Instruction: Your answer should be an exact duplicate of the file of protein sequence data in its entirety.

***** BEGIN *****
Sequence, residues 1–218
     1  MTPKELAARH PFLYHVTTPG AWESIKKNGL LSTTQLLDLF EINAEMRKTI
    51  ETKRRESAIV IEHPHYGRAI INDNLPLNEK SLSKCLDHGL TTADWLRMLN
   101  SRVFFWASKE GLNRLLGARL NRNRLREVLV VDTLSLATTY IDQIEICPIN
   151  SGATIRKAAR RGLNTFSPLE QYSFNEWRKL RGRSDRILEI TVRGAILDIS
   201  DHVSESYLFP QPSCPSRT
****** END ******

Sequence, residues 1–218
     1  MTPKELAARH PFLYHVTTPG AWESIKKNGL LSTTQLLDLF EINAEMRKTI
    51  ETKRRESAIV IEHPHYGRAI INDNLPLNEK SLSKCLDHGL TTADWLRMLN
   101  SRVFFWASKE GLNRLLGARL NRNRLREVLV VDTLSLATTY IDQIEICPIN
   151  SGATIRKAAR RGLNTFSPLE QYSFNEWRKL RGRSDRILEI TVRGAILDIS
   201  DHVSESYLFP QPSCPSRT